Corporate Net Zero Plans Can’t Rely on Carbon Capture – AIGCC

Engagement encouraged on CCS usage as Asia-based investors attempt to get to grips with corporates’ decarbonisation strategies. 

Asia-Pacific institutional investors have been warned to closely scrutinise corporate net zero strategies that are over-reliant on carbon capture and storage (CCS) technologies.

The Asia Investor Group on Climate Change (AIGCC) commissioned consultancy firm Wood Mackenzie to assess the feasibility of corporate decarbonisation plans that are heavily dependent on implementing CCS-based solutions across China, India, Japan and South Korea. CCS involves the capturing carbon dioxide emissions from power generation or industrial production, transporting it and permanently storing it underground.

The resulting report highlighted current plans for large-scale deployment of CCS by corporates and governments across Asia could still fall short. Currently, there are just 27 operating CCS facilities worldwide with a capture capacity of 40 million tonnes of CO2 per year compared to the projected six gigatonnes of CO2 a year by 2050, the AIGCC report noted.

“CCS can play an important role in the future to help bridge the emissions gap to net zero emissions for some hard-to-abate industries,” said Rebecca Mikula-Wright, CEO of the AIGCC. “But even under favourable conditions this role will likely be limited.”

Wood Mackenzie’s 2021-2040 analysis across the four countries noted there are technical challenges arising around the scalability of CCS. Significant research will be needed to assess the sustainability of storage formations, such as how to reduce the risk of carbon leaks. There is also the “financing dearth” to contend with, as commercial banks are reluctant to finance CCS due to “a lack of revenue stream and high commercial failure rate”.

Further, there is likely to be societal opposition to the probable expansion of industrial sites to accommodate CCS equipment and the siting of CO2 pipelines, the report noted.

“In most instances, companies and governments in Asia will need to acknowledge that a credible decarbonisation pathway will require the phasing out of high-emissions assets and fossil fuels, and that CCS use will only be used to address residual emissions and as a bridging technology for hard-to-abate sectors like steel production,” Mikula-Wright added.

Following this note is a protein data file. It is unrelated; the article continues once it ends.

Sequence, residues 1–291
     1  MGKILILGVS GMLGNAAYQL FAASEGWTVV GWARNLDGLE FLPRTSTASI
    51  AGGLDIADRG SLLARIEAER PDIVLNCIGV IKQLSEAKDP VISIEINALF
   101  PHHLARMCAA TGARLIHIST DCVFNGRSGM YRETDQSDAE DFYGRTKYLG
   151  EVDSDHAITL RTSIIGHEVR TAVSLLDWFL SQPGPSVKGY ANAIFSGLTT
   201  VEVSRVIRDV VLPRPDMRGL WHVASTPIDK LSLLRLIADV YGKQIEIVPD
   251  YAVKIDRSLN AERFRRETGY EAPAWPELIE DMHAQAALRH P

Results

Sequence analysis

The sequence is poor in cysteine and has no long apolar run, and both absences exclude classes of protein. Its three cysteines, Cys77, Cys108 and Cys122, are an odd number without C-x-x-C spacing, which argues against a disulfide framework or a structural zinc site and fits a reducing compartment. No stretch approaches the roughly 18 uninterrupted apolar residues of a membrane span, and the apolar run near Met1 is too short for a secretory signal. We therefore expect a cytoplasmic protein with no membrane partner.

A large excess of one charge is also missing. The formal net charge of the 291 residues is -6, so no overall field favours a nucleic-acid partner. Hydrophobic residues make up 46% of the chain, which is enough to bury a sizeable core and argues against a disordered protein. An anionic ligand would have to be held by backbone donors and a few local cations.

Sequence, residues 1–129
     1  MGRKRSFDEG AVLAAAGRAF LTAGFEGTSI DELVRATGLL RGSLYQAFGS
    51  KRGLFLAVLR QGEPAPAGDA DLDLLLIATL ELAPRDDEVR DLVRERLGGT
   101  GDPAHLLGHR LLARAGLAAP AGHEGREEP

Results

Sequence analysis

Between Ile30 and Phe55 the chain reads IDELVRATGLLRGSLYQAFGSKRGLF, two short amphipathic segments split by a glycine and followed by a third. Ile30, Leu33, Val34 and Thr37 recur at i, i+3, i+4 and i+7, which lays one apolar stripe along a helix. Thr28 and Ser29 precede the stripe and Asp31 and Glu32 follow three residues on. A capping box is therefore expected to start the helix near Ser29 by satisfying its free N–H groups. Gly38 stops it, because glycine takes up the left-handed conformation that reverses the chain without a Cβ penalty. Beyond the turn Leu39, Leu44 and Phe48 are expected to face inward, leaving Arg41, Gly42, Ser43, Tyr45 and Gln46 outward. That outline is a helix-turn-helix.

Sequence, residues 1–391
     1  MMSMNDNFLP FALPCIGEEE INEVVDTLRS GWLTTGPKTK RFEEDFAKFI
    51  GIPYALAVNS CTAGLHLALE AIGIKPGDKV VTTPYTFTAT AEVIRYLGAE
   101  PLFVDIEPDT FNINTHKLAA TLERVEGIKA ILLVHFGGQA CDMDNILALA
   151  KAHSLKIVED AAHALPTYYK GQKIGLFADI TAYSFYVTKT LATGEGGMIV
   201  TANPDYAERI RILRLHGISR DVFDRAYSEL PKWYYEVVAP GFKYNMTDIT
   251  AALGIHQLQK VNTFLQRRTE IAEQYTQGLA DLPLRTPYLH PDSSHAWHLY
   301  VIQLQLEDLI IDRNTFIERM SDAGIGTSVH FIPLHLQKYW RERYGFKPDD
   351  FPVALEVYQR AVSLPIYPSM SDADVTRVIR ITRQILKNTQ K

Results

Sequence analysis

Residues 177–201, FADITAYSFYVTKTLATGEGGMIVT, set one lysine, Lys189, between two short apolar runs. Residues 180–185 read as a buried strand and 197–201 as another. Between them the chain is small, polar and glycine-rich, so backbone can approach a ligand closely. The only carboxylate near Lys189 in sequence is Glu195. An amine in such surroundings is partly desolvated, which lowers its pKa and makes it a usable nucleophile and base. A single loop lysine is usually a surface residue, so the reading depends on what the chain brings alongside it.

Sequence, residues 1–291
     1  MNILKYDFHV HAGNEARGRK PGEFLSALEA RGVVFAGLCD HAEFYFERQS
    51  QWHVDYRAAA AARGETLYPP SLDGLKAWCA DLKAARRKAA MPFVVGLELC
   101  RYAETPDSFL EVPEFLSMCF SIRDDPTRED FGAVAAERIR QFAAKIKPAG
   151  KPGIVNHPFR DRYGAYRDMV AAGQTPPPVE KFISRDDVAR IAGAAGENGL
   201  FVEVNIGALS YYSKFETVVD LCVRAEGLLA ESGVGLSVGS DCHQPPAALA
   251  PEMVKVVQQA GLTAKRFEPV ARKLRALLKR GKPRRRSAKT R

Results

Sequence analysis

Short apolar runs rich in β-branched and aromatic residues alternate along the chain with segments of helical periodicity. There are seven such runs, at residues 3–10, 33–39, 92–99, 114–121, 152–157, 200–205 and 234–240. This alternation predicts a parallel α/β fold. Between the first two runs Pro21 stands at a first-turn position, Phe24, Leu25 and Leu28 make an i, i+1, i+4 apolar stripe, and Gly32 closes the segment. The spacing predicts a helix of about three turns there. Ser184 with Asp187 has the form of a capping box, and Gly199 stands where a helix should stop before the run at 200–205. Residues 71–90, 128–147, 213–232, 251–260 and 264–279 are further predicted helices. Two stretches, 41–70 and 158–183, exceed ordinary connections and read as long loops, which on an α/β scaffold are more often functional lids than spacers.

Asset owners should be asking companies relying on the deployment of large-scale CCS to, at a minimum, provide detailed disclosure of the expected contribution of the technology to their decarbonisation goals, the report said, including feasibility studies and contingency planning in the event of reduction shortfalls.

The AIGCC has called on investors to engage with companies to increase the visibility of the role CCS technologies will play in their decarbonisation strategies. Asset owners should also interact with policymakers to better understand the “infrastructure support, requirements, and prerequisites necessary” to ensure CCS can be sufficiently upscaled in line with corporate ambitions, the report noted.

Earlier this year, the UN-convened Net Zero Asset Owner Alliance (NZAOA) published a position paper in September, calling for asset owners to more rapidly invest in carbon dioxide removal and negative emissions solutions, such as CCS. Signatories also warned that investors should not “over-emphasise” the role of these technologies in supporting Paris-aligned global warming pathways compared to absolute reductions in emissions.

Addressing climate risks in Asia

A separate report has found that the region’s asset owners are focusing more on managing climate risks, but are hampered by complexities and inconsistencies in assessing data and risks across different asset classes.

Three-fifths of APAC asset owners are now tracking and measuring the carbon emissions of investee companies. Just under half plan to invest in “climate transition-related sectors”, according to the report, published by research consultancy Cerulli.

“Addressing climate risks is complex – the most sophisticated asset owners rely on managers to learn about technical details of carbon data measurements, types of assets to be assessed, and types of emissions to be included, among others,” said Leena Dagade, Associate Director at Cerulli.

As a result, surveyed asset owners are also setting out their climate-related expectations to asset managers when engagement isn’t effective, with 69% asking asset managers to divest from high-emission sectors. Asset owners are also asking asset managers to disclose portfolio-level exposure to climate risks (46%), portfolio-level exposure to other financially material ESG risks (41%), and security-level exposure to climate risks (41%).

This follows a February report, published by the AIGCC, which noted that as many as 70% of Asia’s institutional investors are considering setting 2050 net zero targets.

“While some asset owners have committed to net zero emission targets, given the novelty of the topic and technical details of measuring climate risk, various segments of the industry will need to join forces to share knowledge and come up with collective actions in order to reach their climate goals,” said Dagade.

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